Can you imagine what it must be like to be part of the Mars Science Laboratory team here at the Jet Propulsion Laboratory? Thousands of scientists and engineers have invested years in the success of this mission in the interest of advancing our knowledge about Mars. We know from past missions that at least in the past, Mars has had two of the three conditions essential for life: running water and a source of energy. Curiosity could tell us if it ever had the third condition: organic molecules, those long carbon chains that all life as we know it has. Not only will we perhaps learn if Mars has ever had life, we could also learn what happened to it. After all, Mars and our own planet Earth were once on a similar trajectory. But somewhere around 3.5 billion years ago, we can speculate that something on Mars went terribly wrong. As a result, the Mars we see now is terribly inhospitable to life, whereas earth is teeming with it.
Being able to answer these questions, learning about Mars and about Earth, finding out more about the conditions essential to life--all that is at stake. It hinges on the success of tonight's landing, in a little less than an hour from now. But there's much more at stake--the future of continued space exploration and the role it plays in planetary science. A failure tonight could put an end for many years to an already faltering space program. NASA has no large follow-on rovers to Mars planned. MSL is it. Perhaps a success, a perfect landing followed by lots of captivating science, will encourage more planetary missions, more robotic exploration, and perhaps even, someday, a manned mission to Mars.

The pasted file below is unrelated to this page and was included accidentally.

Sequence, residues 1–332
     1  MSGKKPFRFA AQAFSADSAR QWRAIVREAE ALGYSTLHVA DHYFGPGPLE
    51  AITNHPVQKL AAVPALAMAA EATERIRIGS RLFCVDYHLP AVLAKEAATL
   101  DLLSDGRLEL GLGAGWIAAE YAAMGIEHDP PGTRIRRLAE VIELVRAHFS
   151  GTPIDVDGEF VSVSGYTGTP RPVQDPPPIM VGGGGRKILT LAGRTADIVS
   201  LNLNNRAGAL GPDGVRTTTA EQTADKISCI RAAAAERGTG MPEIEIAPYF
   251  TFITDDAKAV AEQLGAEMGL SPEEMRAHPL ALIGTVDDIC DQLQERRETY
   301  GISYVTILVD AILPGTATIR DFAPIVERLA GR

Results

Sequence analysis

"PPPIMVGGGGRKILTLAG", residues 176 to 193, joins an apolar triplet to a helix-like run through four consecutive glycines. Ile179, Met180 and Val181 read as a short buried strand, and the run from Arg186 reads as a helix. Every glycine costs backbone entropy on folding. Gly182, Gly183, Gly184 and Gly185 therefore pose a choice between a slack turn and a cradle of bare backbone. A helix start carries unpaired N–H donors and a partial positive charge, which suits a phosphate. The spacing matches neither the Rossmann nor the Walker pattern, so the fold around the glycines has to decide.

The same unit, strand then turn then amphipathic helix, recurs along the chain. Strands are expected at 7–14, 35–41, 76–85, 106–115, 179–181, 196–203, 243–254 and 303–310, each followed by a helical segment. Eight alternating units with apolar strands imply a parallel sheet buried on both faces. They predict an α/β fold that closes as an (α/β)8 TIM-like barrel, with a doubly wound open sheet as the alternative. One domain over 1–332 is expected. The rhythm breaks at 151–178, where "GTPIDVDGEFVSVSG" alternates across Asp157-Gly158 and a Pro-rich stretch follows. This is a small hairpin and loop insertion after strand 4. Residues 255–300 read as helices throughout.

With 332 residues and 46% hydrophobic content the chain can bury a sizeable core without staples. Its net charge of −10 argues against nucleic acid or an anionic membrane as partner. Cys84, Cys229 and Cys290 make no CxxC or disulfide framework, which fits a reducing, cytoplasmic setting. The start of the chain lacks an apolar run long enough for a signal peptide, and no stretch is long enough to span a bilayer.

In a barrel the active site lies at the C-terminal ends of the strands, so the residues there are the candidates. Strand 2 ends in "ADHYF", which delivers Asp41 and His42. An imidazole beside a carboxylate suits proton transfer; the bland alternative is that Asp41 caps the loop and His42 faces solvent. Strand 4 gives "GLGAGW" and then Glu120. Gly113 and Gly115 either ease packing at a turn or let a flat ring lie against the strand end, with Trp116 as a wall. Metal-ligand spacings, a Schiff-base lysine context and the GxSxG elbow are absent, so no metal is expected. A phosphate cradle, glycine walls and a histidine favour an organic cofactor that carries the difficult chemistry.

And no one would deserve it more than the engineers and scientists responsible for this ambitious and risky MSL program. No one could blame them if they had a knot the size of Mars itself in the pit of their collective stomachs. But instead of nerves and jitters, there seems to be a strange calm pervading this group. They've tested and retested and everything seems to be on track. Mike Watkins, MSL's manager of navigation and mission design, just told us things have been looking so good, they didn't even have to make any last minute adjustments in trajectory. And Rob Manning, flight system chief engineer, said he's calmer than he's ever been on this program. The engineers have done all they can, and now it's up to the laws of nature, riding on the back of an amazing group of people's hard work and dedication.
And, of course, for them it will be a long night. The landing is just step one. Then they will be struggling mightily to get some pictures--to get Curiosity to begin to satisfy our own curiosity about Mars.